- Pac Man Vs: This game features multiple and split screen design. All the ghosts share the TV screen that's split into different views. The Pac Man player plays the game in the traditional way on the GBA screen (see image below). Because the ghost views are zoomed in, they have a harder time locating and trapping Pac Man. Working together ghost players need to take every advantage like screen-looking and callouts.
- Naruto Ultimate Ninja Storm: In this 1v1 fighter, both players share the same screen view. Sometimes the camera frames the players on the left and right side of the screen view like traditional 2D fighters. Other times the camera sits behind one player as he/she fights the opponent deep into the screen. The auto aim and tracking helps players land attacks regardless of the camera view. What's neat is that emergent moments of hide-&-seek are created. Kick up enough smoke and the player in the distance can launch a sneak attack, start a charge attack, or hide (see here).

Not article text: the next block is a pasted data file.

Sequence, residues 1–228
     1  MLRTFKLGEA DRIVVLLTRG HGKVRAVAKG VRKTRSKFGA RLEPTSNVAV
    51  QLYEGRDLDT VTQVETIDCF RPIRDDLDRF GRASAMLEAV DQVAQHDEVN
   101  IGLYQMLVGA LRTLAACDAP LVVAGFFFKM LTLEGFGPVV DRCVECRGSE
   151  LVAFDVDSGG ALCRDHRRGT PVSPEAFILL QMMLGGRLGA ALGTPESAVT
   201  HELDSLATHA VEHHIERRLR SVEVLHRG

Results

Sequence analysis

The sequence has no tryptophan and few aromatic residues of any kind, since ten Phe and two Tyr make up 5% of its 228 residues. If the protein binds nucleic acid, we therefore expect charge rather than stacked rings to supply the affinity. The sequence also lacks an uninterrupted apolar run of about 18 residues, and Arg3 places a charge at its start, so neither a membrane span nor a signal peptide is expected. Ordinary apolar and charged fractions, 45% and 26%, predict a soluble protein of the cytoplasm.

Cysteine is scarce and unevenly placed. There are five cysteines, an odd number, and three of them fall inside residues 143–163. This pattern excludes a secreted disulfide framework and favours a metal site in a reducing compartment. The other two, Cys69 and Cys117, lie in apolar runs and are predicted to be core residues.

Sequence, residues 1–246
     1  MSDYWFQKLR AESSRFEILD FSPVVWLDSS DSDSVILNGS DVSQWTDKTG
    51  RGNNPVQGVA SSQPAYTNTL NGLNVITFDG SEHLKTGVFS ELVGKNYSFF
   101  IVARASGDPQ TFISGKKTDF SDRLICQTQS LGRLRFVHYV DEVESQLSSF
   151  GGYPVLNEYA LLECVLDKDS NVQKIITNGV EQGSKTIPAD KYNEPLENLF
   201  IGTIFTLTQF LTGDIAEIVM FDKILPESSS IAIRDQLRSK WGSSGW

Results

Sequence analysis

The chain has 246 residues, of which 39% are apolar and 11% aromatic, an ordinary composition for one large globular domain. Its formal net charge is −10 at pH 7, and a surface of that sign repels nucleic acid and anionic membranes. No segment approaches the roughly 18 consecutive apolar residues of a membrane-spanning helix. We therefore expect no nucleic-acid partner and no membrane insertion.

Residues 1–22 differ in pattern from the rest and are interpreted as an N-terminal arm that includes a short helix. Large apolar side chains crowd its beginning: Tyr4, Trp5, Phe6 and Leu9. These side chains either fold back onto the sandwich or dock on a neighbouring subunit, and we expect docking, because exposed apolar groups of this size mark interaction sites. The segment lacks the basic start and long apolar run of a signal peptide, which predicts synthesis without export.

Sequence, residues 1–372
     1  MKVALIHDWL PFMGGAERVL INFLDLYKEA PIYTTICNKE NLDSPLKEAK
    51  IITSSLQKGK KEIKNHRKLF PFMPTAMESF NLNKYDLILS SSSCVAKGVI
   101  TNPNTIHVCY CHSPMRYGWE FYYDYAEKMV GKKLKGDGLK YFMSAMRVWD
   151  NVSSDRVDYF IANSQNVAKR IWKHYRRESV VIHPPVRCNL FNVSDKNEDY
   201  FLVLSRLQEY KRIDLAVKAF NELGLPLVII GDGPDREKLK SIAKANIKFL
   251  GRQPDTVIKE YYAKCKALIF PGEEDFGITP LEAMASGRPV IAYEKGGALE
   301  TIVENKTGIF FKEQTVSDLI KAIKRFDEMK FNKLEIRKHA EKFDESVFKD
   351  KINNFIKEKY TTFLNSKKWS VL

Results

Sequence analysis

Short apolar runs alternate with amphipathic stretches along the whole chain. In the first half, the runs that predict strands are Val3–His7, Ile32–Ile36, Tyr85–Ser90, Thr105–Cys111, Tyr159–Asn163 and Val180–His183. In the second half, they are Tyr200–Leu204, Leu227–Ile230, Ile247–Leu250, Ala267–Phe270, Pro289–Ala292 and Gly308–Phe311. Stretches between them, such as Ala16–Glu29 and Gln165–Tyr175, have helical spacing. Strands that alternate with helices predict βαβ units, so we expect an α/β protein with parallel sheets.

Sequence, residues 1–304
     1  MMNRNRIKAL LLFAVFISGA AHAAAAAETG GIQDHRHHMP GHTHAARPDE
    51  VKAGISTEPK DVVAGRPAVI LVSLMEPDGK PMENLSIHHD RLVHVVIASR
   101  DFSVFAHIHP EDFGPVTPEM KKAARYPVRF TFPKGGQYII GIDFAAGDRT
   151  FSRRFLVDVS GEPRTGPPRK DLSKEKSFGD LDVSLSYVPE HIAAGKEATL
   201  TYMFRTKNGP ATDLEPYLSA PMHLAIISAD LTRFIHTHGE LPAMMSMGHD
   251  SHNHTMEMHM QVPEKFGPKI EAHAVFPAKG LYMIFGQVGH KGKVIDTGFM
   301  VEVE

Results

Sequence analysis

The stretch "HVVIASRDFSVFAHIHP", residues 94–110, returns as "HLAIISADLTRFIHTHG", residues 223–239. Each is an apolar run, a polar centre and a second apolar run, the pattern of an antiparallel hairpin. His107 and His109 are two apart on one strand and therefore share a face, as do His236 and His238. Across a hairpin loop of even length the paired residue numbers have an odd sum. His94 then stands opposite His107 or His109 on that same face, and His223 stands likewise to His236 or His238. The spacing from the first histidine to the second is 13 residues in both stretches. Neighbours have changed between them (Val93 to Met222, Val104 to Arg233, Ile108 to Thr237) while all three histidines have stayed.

- Puji: Because everyone shares a screen in this stealth assassin multiplayer game, everyone must hide out in the open. Because the NPCs look like the players, the gameplay is like a dynamic Where's Waldo. I'm amazed by how much strategy and depth there is in Puji mainly because of the incredibly simple shared screen design.
- Pokemon Stadium: A key part of competitive Pokemon battling is customising and concealing variable attributes like Pokemon moves, abilities, and held items. Like Poker, it's important to strike at the right moments and never reveal your hand unnecessarily. In this N64 battle simulator, both players share the screen. Cleverly, players can use the 4 C-buttons to select their attacks without ever revealing what they are on the TV screen. If need be, players can check which moves correspond to which C-button. Though doing so puts the Pokemon moves up on the screen, which one you select is still kept a secret.
- Bionic Commando Rearmed: This PSN retro remake has as dynamic splitscreen system. When players are close they share a screen. When players move beyond the limit that the camera can zoom out, the screen splits either vertically or horizontally (see here).